Just saw your answer! As you see I agree with you!

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After 10 months of further study, I think I am now able to answer my own question, so I'll do it for future reference.

The Lagrangian density field $\mathcal{L}[\phi]$ associated (functionally) to the field $\phi$ is not necessarily a Lorentz scalar field. Therefore, equation (1) may simply not hold. Of course, any example of practical significance will be a Lorentz scalar field, and imposing this condition, by asserting that (1) holds, combines with (2) to create a condition for the Lagrangian to be a Lorentz scalar field, which is that

$$ \frac{\partial \mathcal{L}}{\partial (\partial_\mu \phi)} {\omega^\nu}_\mu \partial_\nu \phi = 0 $$

for all (antisymmetric) $\omega$.

I haven't checked this by hand, but I suspect the example that I give in equation (3) is exactly a case where the Lagrangian density field is not a Lorentz scalar. This makes sense, since $A$ is a distinguished tensor and thus can provide a preferred basis.

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This works if you use the fact that $\phi$ also satisfies the Euler-Lagrange equation for the density $\mathcal{L}$. Instead of what you wrote, consider

$$ \begin{eqnarray} \delta \mathcal{L} & = & \mathcal{L}[\phi + \delta \phi] \\ & = & \frac{\partial \mathcal{L}}{\partial \phi}\delta \phi + \frac{\partial \mathcal{L}}{\partial(\partial_\mu \phi)} \partial_{\mu} (\delta\phi) \\ & = & \frac{\partial \mathcal{L}}{\partial \phi}\delta \phi + \partial_{\mu} \left( \frac{\partial \mathcal{L}}{\partial(\partial_\mu \phi)} \delta \phi \right) - \left( \partial_{\mu} \frac{\partial \mathcal{L}}{\partial(\partial_\mu \phi)} \right) \delta\phi \\ & = & \frac{\partial \mathcal{L}}{\partial \phi}\delta \phi + \partial_{\mu} \left( \frac{\partial \mathcal{L}}{\partial(\partial_\mu \phi)} \delta \phi \right) - \frac{\partial \mathcal{L}}{\partial \phi}\delta \phi \\ & = & \partial_{\mu} \left( \frac{\partial \mathcal{L}}{\partial(\partial_\mu \phi)} \delta \phi \right) \end{eqnarray} $$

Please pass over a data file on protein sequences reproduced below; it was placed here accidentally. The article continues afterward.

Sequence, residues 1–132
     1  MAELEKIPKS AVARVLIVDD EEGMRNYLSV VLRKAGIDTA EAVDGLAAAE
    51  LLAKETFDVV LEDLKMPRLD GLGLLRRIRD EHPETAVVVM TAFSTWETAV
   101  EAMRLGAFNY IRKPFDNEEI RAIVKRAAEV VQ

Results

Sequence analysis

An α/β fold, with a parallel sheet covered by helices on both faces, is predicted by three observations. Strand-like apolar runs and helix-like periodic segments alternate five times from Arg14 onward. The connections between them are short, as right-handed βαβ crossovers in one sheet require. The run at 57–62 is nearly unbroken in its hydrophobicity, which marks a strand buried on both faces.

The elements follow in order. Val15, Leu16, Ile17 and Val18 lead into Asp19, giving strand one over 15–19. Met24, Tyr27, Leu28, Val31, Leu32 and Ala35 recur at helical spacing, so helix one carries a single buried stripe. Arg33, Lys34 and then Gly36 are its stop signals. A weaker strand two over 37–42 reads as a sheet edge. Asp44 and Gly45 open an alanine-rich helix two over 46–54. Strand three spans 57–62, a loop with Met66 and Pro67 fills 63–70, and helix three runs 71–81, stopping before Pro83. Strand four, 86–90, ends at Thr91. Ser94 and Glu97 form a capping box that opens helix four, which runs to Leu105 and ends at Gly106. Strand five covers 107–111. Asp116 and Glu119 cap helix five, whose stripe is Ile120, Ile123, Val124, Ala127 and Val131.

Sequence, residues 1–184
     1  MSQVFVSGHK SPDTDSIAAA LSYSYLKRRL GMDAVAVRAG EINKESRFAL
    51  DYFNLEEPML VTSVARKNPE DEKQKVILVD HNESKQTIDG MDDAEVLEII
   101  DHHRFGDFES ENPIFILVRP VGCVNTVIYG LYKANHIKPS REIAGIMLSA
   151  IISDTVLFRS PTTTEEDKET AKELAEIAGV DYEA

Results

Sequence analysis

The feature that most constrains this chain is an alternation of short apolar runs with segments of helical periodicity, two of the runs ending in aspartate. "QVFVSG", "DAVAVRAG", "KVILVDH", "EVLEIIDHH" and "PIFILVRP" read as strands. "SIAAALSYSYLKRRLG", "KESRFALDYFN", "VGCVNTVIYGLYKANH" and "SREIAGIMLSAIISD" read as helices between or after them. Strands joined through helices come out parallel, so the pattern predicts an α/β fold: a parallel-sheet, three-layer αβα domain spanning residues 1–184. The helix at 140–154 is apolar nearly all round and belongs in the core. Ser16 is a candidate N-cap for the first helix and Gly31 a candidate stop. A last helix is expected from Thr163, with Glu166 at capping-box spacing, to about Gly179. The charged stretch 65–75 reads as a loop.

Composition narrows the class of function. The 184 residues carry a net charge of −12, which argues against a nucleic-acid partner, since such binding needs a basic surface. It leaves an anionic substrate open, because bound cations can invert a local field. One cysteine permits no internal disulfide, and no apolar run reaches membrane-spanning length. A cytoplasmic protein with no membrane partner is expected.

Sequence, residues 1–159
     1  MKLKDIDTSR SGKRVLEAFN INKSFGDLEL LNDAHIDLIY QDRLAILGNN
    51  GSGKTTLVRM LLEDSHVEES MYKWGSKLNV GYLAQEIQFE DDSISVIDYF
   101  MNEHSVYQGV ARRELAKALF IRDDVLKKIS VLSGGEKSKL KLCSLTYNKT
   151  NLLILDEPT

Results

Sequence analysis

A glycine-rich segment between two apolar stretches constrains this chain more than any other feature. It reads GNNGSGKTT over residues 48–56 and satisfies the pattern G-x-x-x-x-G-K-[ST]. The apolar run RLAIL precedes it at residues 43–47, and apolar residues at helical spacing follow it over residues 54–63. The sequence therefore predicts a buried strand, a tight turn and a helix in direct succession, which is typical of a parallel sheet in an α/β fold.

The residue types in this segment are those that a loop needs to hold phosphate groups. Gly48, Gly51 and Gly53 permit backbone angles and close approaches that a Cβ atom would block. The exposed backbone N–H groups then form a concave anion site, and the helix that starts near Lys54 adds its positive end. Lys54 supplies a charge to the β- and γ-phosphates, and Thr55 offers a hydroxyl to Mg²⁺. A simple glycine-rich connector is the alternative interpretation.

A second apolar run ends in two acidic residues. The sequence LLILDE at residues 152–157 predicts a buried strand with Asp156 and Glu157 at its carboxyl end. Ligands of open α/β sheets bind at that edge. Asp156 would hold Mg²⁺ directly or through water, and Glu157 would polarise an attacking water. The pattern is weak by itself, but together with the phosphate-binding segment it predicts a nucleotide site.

Going from the second line to the third, used the product rule. Going from the third line to the fourth used the Euler-Lagrange equation for $\phi$. This results in a total divergence again, so no change in action.

This doesn't get you back to exactly the same form of the divergence that you had before, but I'm not sure that matters as long as the action is unchanged.

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  • $\begingroup$ Hi there Brick. What you have shown is that a solution to the EL equations will leave the action invariant, but we already knew that, because it's a solution to the EL equations, for which the starting point is that the action be left invariant. My question applies not just to the solution space, but to the whole configuration space. $\endgroup$
    – Movpasd
    Jun 28, 2021 at 19:43
  • $\begingroup$ What assumption (if any) do you have about $\phi$, $\mathcal{L}$, and the EL equations pre-transform? (I.e. about $\mathcal{L}[\phi]$ not $\mathcal{L}[\phi']$ in the notation of the question.) $\endgroup$
    – Brick
    Jun 28, 2021 at 20:05
  • $\begingroup$ Or maybe from the other way around, it's not clear why you think your Eq. 1 should necessarily hold when $\mathcal{L}$ depends on derivatives of $\phi$ in addition to $\phi$ itself, and if it doesn't depend on the derivatives then your "extra" term, of course, vanishes already. $\endgroup$
    – Brick
    Jun 28, 2021 at 20:23
  • $\begingroup$ The field is arbitrary (so subject to smoothness conditions, boundary conditions, yada yada yada). And indeed, Equation 1 should not hold for arbitrary (local) Lagrangian functionals -- see my new answer :) $\endgroup$
    – Movpasd
    Jun 28, 2021 at 20:45